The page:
Ever since the battle erupted between Catholic bishops and the Obama administration over providing free contraception coverage as part of health plans for workers, a striking figure has appeared in the news — that 98 percent of Catholic women have used contraceptives. But what does this figure really mean, and where does it come from?
"In fact, 98 percent of Catholic women use birth control at some point in their lifetimes." National Public Radio, Feb. 10
"Studies have shown that 98 percent of Catholic women have used artificial contraception at some time in their lives." New York Times, Feb. 10
"Birth-control is widely used even by Catholics: 98 percent of American Catholic women have used contraception in their lifetimes." Washington Post, Feb. 12
"Ninety-eight percent of Catholic women, I am told by all of you, use birth control to determine the size and timing of their families." House Minority Leader Nancy Pelosi, D-Calif., Feb. 16
The 98 percent figure first appeared in an April 2011 study written by Rachel K. Jones and Joerg Dreweke of the Guttmacher Institute, a nonprofit organization that promotes reproductive health and had started as an arm of Planned Parenthood. The study is titled "Countering Conventional Wisdom: New Evidence on Religion and Contraceptive Use."
The study drew on data from the 2006-08 National Survey of Family Growth, which relied on interviews with 7,356 females from the ages of 15 to 44.
But while the study says that 98 percent of "sexually experienced Catholic women" have "ever used a contraceptive method other than natural planning," the data shown in the report does not actually back up that claim. In fact, a supplementary table in the report, on page 8, even appears to undermine that statistic, since it shows that 11 percent of Catholic women were using no method at all. That has led to criticism of the statistic.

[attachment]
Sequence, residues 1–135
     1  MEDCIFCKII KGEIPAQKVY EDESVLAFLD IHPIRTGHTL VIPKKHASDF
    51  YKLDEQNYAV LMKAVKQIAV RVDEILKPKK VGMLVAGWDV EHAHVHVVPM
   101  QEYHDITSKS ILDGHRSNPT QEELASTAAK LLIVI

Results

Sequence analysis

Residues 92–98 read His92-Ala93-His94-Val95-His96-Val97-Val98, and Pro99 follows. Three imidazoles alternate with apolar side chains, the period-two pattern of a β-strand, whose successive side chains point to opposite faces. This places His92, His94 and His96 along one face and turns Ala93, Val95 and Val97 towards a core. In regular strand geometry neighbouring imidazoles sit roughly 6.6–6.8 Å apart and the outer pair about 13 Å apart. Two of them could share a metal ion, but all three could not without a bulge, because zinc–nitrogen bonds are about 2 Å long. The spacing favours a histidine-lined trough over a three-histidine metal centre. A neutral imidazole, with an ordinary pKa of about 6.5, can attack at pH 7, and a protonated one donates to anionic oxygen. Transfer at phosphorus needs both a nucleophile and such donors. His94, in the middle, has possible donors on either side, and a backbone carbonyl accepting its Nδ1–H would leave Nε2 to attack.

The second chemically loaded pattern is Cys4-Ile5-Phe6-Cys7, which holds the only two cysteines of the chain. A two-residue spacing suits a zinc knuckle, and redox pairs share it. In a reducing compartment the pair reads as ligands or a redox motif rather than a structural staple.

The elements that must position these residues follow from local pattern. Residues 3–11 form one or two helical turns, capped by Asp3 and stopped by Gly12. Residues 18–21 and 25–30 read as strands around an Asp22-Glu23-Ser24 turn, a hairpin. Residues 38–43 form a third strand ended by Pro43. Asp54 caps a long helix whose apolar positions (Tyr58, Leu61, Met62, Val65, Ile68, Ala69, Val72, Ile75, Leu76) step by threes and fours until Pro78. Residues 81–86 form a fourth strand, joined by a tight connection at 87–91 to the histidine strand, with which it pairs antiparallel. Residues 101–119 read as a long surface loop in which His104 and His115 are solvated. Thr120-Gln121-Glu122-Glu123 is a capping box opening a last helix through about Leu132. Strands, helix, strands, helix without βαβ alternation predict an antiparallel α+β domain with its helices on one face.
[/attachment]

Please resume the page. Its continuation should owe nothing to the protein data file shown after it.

The Guttmacher Institute, citing "confusion" over the statistic, last week posted the data behind it. It turns out it was based on a question that asked self-identified Catholic women who have had sex if they have ever used one of 12 methods of birth control. Jones said the women were asked to answer "yes" or "no" whether they had used each of the different forms; only 2 percent had said they had used only natural family planning.
In other words, a woman may have had sex only once, or she may have had a partner who used a condom only once, and then she would be placed in the 98 percent category. Jones said the correct way to describe the results of the research is this:
"Data shows that 98 percent of sexually experienced women of child-bearing age and who identify themselves as Catholic have used a method of contraception other than natural family planning at some point in their lives."
The full survey shows that 86.8 percent of women ages 15-44 have had vaginal intercourse.
The data listed in the Guttmacher report, meanwhile, referred to current contraceptive use among "sexually active women who are not pregnant, post-partum or trying to get pregnant." That is a smaller universe of women, and it shows that 68 percent of Catholic women used what are termed "highly effective methods:" 32 percent sterilization; 31 percent pill; 5 percent IUD.
Again, only 2 percent currently used natural family planning. Interestingly, 11 percent used nothing, even though they were not trying to get pregnant.
If a statistic sounds too good to be true, be wary. Judging from the examples above, the media has gotten it wrong. The journalistic shorthand has been that "98 percent of American Catholic women have used contraception in their lifetimes." But that is incorrect, according to the research.
"The shorthand is not what our statistic shows since we only looked at women aged 15-44 who have ever had sex," Jones said.